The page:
Yara Shahidi Partners With Always For #LikeAGirl Campaign and encourage everyone to inspire girls to see these experiences as a way to build thier confidence & keep going.” Shahidi, who echoed Luscombe’s sentiment in a Many of us have probably heard the old adage, recent interview with Teen Vogue, stated that “failure “failure is not an option,” at some point and time in is actually fine-in fact, it is a key part of success.” our lives. Whether it was related to sports, or school, “I recently read Giovanni’s Room and there was a or something else, the motivational rally cry, was whole thing on identity and embracing who you are, meant to cheer on the masses and push them towards really based on these characters who feared erasing success. who they are,” Shahidi said in her interview. “What Well, in a new survey conducted by Always I really appreciated about Giovanni’s Room is the Confidence & Puberty, it is revealed that 7 out of 10 girls feel paralyzed by fear and failure during puberty, overarching message is about embracing every facet opting out of important opportunities to try new things of your identity, and with that you embrace what you and take on various challenges. Always is on a mission deem as failure and you reassess it. I think ultimately, the goal is not to say failure gets easier, failure gets to change that. By teaming up with Yara Shahidi and director Lucy more fun, falling is the best thing ever-but if anything, what I like to say is when you build your support Luscombe, the feminine care giant is on a mission to network, when you find rituals that calm you down, help build up confidence in young girls, changing the you find moments to take care of yourself and not stew way that they view setbacks and encourage them to in the failure, then you’re not really afraid of falling embrace failure and overcome fear. “I am such a fan of the Always #LikeAGirl because you know you won’t fall to far anyway.” campaign, so I am thrilled to be a part of this important movement,” said Lucy Luscombe, the To learn more about the director of the campaign’s new video. “I remember #LikeAGirl-Keep Going so many times when I felt afraid to fall short and the lengths I’d go to avoid it, but I was so inspired by the campaign, visit girls we met during filming. It is my goal that this https://always.com/en-us video helps us all refame how we think of setbacks Tiffany Silva Black Celebrity Kids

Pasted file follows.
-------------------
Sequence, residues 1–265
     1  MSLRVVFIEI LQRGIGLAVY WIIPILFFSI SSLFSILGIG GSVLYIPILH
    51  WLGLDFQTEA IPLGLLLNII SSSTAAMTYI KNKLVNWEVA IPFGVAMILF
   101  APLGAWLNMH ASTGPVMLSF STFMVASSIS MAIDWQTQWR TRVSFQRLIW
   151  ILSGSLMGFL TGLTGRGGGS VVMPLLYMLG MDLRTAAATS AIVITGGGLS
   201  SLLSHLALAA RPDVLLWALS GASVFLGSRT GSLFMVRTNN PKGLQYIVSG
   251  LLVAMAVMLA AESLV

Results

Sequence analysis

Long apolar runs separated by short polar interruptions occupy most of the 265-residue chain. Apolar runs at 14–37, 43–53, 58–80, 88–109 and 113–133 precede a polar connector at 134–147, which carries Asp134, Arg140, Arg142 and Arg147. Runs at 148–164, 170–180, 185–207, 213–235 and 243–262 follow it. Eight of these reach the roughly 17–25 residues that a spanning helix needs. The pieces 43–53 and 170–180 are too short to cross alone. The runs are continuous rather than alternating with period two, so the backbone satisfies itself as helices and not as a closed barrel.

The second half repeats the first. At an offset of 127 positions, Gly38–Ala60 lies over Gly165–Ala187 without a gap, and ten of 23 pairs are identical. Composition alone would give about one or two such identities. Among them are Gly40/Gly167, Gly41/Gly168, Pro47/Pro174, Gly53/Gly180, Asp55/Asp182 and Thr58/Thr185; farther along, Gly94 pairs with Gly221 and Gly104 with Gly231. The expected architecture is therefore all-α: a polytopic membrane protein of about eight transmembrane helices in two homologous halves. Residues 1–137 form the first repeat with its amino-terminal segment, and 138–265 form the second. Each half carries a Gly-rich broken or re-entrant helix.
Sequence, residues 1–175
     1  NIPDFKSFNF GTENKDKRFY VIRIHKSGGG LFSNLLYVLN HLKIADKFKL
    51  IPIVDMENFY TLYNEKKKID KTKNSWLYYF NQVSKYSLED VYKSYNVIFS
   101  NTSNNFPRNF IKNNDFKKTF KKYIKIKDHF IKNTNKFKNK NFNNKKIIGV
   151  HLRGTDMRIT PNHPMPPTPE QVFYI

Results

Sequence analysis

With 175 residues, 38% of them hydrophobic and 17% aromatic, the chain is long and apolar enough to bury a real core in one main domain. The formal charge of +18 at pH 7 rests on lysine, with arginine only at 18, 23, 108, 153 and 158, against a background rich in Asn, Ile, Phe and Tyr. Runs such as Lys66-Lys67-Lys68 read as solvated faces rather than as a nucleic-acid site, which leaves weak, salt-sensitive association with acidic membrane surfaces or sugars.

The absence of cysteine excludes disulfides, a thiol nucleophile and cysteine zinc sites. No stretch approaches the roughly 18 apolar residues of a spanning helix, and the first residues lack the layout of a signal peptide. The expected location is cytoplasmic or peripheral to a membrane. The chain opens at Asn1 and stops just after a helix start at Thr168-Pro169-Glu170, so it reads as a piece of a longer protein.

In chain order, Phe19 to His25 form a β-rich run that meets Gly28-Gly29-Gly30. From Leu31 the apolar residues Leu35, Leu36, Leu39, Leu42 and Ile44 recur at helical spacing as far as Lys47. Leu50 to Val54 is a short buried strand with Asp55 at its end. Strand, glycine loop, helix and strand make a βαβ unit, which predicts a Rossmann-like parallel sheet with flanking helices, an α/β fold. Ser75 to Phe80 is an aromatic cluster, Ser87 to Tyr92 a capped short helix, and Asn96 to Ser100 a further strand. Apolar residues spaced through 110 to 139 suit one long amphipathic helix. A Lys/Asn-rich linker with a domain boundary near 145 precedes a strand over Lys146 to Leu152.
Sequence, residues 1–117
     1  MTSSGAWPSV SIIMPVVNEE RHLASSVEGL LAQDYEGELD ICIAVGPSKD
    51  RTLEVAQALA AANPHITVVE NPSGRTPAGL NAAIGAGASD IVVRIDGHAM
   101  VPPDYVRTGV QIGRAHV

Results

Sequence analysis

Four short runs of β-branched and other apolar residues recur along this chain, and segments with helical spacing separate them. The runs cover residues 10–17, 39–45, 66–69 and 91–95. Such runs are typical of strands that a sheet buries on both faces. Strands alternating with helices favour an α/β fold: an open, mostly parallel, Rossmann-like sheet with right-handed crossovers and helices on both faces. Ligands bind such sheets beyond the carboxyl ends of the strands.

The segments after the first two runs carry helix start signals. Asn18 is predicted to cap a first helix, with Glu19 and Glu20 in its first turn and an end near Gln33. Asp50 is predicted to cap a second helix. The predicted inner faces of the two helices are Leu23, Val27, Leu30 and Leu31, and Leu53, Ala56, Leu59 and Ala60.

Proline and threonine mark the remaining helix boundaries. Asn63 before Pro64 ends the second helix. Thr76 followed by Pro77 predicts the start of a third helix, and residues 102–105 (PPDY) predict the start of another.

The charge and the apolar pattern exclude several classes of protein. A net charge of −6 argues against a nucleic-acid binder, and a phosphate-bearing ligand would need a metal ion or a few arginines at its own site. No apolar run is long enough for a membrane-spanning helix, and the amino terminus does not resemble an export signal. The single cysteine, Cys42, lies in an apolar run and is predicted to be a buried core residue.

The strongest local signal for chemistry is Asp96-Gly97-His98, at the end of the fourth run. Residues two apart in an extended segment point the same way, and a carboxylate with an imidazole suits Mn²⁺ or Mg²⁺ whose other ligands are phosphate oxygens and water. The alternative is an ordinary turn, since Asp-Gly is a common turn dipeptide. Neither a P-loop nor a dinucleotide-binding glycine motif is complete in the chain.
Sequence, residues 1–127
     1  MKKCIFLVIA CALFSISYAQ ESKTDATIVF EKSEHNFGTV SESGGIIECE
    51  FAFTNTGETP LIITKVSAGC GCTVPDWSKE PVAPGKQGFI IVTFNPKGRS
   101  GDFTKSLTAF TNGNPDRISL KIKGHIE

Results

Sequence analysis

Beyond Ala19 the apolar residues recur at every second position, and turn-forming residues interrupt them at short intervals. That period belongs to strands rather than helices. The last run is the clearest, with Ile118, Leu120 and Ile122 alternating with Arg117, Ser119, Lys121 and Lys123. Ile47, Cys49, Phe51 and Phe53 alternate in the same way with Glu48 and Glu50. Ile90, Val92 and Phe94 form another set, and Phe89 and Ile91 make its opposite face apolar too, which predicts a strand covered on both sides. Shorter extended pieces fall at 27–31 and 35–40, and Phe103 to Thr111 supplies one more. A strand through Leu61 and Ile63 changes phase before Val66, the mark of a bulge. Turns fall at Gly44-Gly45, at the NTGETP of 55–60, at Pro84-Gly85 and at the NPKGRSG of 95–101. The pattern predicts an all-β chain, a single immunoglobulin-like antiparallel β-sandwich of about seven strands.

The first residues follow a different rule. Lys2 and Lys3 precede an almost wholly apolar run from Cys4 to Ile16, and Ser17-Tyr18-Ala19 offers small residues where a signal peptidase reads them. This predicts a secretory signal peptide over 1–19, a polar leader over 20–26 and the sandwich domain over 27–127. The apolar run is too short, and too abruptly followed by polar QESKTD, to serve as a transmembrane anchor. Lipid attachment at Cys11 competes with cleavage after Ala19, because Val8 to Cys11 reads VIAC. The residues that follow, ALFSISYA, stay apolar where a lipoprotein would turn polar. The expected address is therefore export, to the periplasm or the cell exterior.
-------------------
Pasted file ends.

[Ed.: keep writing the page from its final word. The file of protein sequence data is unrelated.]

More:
Sistas Shine On the Red Carpet at Black Girls Rock! 2017